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By January 29, 2020January 31st, 2020Uncategorized

Labor will next week move to establish a Select Committee to investigate the Morrison Government’s misuse of public funds under the Community Sport Infrastructure grants program.

The Morrison Government needs to come clean with the Australian people on the true extent of rorts under the program.

Clubs and organisations that applied for these grants did absolutely nothing wrong. They applied in good faith for what the government told them was a competitive, merit-assessed grants program.

But the Auditor General’s report and now almost daily whistle-blowing have exposed this Government’s political pork-barrelling campaign on an industrial scale.

Communities that were cheated by this government deserve answers. They deserve an apology. They deserve to have confidence this type of rorting doesn’t happen again.

Despite the commendable, forensic work conducted by the Australian National Audit Office, many important questions remain unanswered including:

  • Details on hundreds of additional applications that were rated highly by Sport Australia but rejected by the Government in favour of political picks;
  • Which applications the Government facilitated weeks or months after the window for applications closed, and in which electorates those projects were located; and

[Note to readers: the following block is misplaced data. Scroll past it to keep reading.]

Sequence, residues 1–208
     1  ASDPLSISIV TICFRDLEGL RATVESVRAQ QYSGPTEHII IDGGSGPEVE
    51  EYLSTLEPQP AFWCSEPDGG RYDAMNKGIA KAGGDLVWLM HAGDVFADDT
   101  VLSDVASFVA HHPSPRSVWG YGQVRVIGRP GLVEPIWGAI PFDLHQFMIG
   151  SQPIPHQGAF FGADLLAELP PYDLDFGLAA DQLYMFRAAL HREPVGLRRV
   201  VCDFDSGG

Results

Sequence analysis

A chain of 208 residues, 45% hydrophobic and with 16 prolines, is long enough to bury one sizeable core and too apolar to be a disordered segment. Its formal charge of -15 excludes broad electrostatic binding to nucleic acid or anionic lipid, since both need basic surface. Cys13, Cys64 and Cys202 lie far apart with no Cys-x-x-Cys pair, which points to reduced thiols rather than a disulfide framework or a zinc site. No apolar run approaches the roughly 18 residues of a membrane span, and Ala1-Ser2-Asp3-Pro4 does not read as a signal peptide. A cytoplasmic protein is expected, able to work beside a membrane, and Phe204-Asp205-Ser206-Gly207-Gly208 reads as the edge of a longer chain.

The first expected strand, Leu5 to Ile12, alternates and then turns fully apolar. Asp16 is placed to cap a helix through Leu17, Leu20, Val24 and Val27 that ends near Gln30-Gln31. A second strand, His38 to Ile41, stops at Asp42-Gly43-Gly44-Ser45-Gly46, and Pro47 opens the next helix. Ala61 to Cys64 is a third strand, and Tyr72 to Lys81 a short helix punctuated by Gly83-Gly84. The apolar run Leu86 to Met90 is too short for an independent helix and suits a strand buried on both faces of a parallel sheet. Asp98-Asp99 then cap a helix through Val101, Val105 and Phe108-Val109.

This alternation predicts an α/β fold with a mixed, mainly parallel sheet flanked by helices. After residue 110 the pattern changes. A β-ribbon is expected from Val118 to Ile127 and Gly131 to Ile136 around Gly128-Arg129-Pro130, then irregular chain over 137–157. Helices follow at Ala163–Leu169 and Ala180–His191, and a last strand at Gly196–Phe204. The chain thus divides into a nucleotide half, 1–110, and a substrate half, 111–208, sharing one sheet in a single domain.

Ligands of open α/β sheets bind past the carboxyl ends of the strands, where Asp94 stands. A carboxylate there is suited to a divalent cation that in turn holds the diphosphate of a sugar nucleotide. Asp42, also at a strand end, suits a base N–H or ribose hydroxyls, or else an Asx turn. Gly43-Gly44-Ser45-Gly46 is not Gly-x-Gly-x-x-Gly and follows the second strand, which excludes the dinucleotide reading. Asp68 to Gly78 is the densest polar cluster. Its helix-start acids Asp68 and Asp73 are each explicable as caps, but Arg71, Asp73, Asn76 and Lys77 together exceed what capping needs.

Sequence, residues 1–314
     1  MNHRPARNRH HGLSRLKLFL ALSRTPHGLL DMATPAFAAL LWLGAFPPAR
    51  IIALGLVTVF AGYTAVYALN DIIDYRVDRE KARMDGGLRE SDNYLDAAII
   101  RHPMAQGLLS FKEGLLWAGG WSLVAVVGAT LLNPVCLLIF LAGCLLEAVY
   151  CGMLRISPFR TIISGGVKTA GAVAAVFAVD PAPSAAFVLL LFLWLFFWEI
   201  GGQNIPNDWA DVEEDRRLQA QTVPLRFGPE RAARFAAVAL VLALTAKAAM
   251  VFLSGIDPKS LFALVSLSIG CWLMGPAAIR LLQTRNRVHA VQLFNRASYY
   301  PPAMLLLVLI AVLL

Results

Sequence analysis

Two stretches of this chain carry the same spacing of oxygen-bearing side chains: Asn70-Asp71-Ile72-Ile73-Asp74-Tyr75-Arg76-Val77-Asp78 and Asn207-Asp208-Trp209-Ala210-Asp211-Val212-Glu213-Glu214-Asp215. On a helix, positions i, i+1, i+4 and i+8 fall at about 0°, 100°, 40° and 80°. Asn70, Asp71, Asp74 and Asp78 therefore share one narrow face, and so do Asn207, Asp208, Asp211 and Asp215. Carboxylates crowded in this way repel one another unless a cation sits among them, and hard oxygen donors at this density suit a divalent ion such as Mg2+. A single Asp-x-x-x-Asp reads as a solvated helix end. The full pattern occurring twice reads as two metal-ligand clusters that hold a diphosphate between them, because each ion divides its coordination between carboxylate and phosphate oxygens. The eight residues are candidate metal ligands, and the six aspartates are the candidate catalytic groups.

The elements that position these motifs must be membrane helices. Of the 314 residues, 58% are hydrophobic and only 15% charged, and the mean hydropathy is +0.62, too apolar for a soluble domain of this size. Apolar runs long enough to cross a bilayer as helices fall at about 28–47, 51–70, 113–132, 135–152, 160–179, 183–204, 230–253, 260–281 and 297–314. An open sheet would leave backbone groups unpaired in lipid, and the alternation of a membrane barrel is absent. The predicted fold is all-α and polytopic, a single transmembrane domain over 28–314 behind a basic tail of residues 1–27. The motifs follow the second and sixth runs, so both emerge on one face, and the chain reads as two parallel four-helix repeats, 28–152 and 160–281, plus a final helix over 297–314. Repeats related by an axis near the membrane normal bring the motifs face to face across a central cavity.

• Who else, other than Bridget McKenzie and her office, had a hand in rorting this grants program.

Labor has sought the support of the crossbench to hold the Government accountable by establishing an inquiry, with the power to call witnesses and require the production of documents.

The proposed Select Committee will inquire into and report on the administration and award of funding under the Community Sport Infrastructure Grant Program, with particular reference to:

(a) Program design and guidelines;

(b) Requirements placed on applicants for funding;

(c) Management and assessment processes;

(d) Adherence to published assessment processes and program criteria;

(e) The role of the offices of the Minister, the Prime Minister and Deputy Prime Minister, and any external parties, in determining which grants would be awarded and who would announce the successful grants; and

(f) Any related programs or matters.